If each United Nations member state were asked whether it meets the requisite criteria for "civilized globalism" at the UN General Assembly later this month, every ambassador would no doubt reply "yes." That is to be expected, because every country wants to project a positive image.
But outward appearance does not always match the deeper reality, and, in fact, it is often at conflict with it. There are many examples and many reasons for the divergency, including political, economic, legal and ideological considerations. A serious look at the substance and evolution of modern international relations provides convincing evidence of this. Although positive trends are evident, a certain "critical mass" has also led to a host of problems and negative developments. They include:
- a crisis of statehood that the UN estimates threatens more than 50 member states;
- the egoism and self-centeredness of individual states such as the United States and of international organizations such as NATO and the European Union, and their desire to assume a leadership role in global governance and international arbitration in order to impose their own model of the global order for the 21st century;
- a double standard in foreign policy;
- international legal nihilism;
- a belittling of the role of the United Nations, authoritative intergovernmental institutions; * Russophobia, which tarnishes the work of the U.S. Congress, the European Parliament, the Parliamentary Assembly of the Council of Europe and the NATO Parliamentary Assembly;
- and the direct intervention by Western countries in the internal affairs of sovereign states with the use of modern technologies such as the Internet and social networks in order to support and encourage the pseudo-legitimate theory of "color revolutions."
Considering that these factors have helped destabilize the international system and have made it more turbulent and inefficient, it would be difficult to contend that all of the players on the world stage demonstrate truly civilized behavior.
Without a doubt, we need real and systemic corrective measures, the optimization of peace building based on principles of law and justice and compulsory observance of all the provisions of the UN Charter. These should be developed at the national and intergovernmental levels.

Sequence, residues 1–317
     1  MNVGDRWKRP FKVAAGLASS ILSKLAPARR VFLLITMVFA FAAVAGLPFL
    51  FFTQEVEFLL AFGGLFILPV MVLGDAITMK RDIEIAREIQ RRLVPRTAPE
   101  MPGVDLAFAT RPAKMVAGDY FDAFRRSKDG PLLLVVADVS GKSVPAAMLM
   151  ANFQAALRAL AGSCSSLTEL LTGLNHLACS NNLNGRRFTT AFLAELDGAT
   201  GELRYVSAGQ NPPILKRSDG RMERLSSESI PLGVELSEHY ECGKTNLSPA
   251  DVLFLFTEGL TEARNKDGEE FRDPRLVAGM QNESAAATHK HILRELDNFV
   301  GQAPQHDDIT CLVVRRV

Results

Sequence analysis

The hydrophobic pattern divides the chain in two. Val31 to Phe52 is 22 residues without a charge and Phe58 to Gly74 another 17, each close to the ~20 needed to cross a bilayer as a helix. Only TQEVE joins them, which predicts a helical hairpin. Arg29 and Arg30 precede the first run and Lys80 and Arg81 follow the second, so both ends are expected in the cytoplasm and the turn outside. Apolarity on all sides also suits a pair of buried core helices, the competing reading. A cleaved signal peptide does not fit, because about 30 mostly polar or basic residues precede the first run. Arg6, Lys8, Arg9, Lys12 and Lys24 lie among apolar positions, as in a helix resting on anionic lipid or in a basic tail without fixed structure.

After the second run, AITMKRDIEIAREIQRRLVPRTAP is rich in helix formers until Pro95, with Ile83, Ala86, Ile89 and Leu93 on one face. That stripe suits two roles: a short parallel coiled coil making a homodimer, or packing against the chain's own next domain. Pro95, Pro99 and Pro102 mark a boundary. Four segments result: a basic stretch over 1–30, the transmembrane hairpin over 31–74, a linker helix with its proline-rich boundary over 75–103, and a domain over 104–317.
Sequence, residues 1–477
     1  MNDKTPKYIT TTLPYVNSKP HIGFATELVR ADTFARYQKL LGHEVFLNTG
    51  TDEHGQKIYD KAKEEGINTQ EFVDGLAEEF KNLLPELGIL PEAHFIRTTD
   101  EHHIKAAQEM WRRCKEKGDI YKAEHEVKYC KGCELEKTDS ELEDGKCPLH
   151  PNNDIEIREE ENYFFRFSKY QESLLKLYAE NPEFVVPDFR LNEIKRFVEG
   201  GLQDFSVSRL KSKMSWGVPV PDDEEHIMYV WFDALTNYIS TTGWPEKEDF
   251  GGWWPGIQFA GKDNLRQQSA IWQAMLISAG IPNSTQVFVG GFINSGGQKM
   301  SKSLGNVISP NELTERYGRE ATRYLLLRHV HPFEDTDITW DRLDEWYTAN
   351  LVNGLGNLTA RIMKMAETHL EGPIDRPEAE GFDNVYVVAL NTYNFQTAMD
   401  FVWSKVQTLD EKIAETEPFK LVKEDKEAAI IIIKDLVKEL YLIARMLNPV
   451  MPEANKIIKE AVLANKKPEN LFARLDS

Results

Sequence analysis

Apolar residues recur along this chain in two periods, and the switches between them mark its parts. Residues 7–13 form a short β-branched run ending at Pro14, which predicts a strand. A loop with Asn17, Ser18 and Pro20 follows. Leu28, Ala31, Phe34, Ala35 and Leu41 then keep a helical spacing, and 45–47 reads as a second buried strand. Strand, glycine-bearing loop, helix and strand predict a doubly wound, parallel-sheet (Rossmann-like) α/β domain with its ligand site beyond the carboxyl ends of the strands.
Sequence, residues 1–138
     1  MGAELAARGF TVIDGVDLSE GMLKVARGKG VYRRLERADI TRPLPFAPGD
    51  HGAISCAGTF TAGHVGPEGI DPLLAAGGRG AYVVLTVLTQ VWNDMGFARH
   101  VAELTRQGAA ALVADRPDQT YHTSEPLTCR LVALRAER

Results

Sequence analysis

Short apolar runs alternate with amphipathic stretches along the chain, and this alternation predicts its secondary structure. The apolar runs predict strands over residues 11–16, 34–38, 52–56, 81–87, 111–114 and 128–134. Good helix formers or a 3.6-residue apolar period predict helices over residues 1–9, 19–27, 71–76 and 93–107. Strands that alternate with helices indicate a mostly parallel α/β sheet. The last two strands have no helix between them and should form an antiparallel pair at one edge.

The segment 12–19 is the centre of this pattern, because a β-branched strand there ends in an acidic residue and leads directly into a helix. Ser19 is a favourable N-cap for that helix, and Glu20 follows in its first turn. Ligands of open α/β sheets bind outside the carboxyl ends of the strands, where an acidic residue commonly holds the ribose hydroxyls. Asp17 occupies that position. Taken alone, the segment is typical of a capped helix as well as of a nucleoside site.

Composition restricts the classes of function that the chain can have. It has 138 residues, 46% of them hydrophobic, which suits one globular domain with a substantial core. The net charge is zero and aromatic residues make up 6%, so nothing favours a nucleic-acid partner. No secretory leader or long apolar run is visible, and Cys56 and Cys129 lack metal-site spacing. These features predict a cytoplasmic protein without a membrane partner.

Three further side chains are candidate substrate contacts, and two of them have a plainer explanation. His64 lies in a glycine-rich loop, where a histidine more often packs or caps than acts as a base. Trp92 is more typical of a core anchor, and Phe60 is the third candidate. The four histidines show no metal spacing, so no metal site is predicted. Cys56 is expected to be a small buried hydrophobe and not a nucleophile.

The Russian Federation has put its civilizing principles into practice by acting as an example of the integrative approach while serving as one of the leading ideologues, architects and builders of the world order.
A confirmation of this is the May 7 decree by President Vladimir Putin "On measures for implementing the foreign policy of the Russian Federation." This document was a milestone of his first 100 days as president, addressing not only the country's interests but also focusing on the creation of an effective multipolar world amid the challenges and threats of the new century. The central element of the Russian approach is the universal observance and improvement of international law. This is a unique legal instrument that incorporates both historical considerations and the demands of the future, a civilizing paradigm reflecting the evolution of the international community. The document is the foundation of national programs for promoting the progressive development and effective implementation of international law.
There is a need for a similar project on a wider scale, specifically a UN Declaration of International Law. Such a document would set out the responsibilities each state holds before the international community to provide for the progressive development and codification of international law, make observance of its basic principles imperative and improve administration of the law in the context of modern geopolitics and geo-economics.
With time, the practical result of such activities could be the development of a codex of civilized behavior for states and other international entities. Because the Russian proposals are pragmatic, universal, appropriate to international processes and meet a definite need, they should be presented as diplomatic initiatives. One of the most practicable — and one that will be supported by a majority of the UN member states — is the declaration of the next Decade of International Law (2015-2025) under the auspices of the United Nations.